Both pundits had been suspended from live commentary for a match, missing Chelsea's 4-0 win over Bolton Wanderers on Monday, but their comments about Massey have now been revealed to be part of a wider series of incidents, which included Gray making suggestive remarks towards a female journalists and Keys repeatedly referring to a woman as an 'it'. Reports have also surfaced that the culture at Sky Sports was rife with bullying and sexism, and with a public relations disaster looming, there was little to do but give Gray the axe. Keys has chosen to leave the company before the blade fell on his neck as well. Either way, his reputation has taken a huge hit over the past few days.
Sky Sports pundit Andy Gray has already taken the hit for sexist remarks levelled at official Sian Massey during the Liverpool-Wolverhampton match over the weekend, and colleague Richard Keys may be next in line. Keys is smelling a conspiracy, however, and although he apologised for his behaviour in an interview this morning he also moved to defend his 'ironic banter' and made the claim that 'dark forces' were somehow conspiring against him. He might be right about the conspiracy angle of things, considering reports from the Guardian which indicate that the due were not exactly well-liked by their staff, one of whom anonymously said:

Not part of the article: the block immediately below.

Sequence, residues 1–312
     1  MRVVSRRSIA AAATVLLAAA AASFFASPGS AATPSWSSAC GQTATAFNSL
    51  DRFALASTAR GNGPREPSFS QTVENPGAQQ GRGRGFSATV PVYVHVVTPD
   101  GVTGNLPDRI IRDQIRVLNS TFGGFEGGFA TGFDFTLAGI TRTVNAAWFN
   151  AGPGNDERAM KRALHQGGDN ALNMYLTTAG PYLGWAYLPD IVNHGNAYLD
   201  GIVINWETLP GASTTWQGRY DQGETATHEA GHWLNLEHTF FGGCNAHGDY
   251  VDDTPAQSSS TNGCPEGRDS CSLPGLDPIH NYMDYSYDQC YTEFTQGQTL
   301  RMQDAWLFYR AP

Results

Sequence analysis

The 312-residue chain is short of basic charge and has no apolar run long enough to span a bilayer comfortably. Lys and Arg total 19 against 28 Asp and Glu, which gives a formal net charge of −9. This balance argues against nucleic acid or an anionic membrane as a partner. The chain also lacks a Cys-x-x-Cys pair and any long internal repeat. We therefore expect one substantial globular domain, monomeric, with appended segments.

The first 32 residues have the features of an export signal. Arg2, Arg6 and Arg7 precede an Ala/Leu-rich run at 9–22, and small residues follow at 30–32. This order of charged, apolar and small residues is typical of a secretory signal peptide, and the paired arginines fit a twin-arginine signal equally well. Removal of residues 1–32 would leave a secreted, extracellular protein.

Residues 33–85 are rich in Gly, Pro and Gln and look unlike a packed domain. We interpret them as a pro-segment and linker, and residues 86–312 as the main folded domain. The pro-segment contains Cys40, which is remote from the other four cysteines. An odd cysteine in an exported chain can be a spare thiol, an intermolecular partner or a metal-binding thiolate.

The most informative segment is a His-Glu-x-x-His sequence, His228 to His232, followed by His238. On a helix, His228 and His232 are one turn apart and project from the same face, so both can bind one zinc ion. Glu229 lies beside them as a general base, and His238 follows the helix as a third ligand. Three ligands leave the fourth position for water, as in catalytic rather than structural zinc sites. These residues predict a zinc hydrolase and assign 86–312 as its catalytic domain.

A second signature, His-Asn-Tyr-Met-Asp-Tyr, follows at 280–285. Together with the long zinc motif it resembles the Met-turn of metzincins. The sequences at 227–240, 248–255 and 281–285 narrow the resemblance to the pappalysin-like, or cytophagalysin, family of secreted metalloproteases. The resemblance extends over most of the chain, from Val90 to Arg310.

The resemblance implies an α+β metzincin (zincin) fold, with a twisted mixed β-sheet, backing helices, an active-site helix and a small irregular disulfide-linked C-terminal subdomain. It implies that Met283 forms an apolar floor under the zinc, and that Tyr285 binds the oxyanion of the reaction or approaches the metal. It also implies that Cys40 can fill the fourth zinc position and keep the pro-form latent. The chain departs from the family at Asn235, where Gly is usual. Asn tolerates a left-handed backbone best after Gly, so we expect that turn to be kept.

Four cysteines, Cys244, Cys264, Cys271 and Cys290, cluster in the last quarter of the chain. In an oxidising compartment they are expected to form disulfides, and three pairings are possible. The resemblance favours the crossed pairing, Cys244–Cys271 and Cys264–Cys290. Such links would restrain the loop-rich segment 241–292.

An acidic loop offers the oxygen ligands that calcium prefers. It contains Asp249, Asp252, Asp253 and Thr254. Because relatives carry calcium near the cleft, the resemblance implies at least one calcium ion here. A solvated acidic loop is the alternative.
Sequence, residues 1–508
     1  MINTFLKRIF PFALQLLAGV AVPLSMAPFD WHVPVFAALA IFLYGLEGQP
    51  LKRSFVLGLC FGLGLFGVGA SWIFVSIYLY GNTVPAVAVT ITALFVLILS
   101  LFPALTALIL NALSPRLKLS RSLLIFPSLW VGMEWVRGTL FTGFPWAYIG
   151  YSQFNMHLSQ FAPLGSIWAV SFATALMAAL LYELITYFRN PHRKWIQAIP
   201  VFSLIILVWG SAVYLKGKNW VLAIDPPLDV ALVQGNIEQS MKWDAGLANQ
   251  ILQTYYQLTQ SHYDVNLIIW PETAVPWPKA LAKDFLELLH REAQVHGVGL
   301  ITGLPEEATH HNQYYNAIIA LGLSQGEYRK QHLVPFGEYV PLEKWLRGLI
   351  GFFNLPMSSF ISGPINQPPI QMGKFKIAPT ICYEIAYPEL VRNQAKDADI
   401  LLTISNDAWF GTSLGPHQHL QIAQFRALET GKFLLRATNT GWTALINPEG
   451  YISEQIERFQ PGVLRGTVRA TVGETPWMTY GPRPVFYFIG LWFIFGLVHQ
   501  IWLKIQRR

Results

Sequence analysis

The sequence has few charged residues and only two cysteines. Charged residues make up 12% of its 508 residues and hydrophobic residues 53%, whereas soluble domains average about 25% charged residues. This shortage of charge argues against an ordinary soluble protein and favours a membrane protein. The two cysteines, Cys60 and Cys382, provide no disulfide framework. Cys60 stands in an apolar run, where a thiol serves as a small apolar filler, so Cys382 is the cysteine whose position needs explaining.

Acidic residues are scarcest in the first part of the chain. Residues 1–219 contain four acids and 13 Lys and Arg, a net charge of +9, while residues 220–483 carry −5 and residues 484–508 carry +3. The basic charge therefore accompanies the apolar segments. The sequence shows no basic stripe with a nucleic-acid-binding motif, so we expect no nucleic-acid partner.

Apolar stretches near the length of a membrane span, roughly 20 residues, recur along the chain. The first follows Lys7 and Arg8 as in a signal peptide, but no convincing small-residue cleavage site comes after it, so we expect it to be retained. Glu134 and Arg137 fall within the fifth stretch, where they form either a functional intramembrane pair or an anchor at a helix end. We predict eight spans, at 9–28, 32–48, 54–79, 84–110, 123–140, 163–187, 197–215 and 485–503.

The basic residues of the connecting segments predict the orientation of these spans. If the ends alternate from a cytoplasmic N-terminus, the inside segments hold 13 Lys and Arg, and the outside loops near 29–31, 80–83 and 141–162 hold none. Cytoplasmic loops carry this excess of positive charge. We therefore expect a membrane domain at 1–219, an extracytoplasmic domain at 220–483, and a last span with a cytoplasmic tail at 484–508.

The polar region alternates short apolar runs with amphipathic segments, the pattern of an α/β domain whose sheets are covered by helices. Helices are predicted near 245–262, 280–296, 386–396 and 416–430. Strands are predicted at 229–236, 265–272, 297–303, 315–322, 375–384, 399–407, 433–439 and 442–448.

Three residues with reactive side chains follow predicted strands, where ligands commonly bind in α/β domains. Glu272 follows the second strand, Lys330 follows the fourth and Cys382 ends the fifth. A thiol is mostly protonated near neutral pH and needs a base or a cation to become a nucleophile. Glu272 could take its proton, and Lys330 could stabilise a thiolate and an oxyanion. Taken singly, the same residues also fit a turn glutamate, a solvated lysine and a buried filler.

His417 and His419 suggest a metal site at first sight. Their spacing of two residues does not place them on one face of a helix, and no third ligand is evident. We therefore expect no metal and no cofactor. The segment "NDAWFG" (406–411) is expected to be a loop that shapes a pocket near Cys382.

"There are many stories of their shocking behaviour. [Gray and Keys] are hated by the crews. It's a climate of fear pervading. But as long as everyone is laughing and it's a joke it's all right isn't it? I believe sexism is systemic and not openly challenged but goes underground or disguised as jokes or 'just banter'."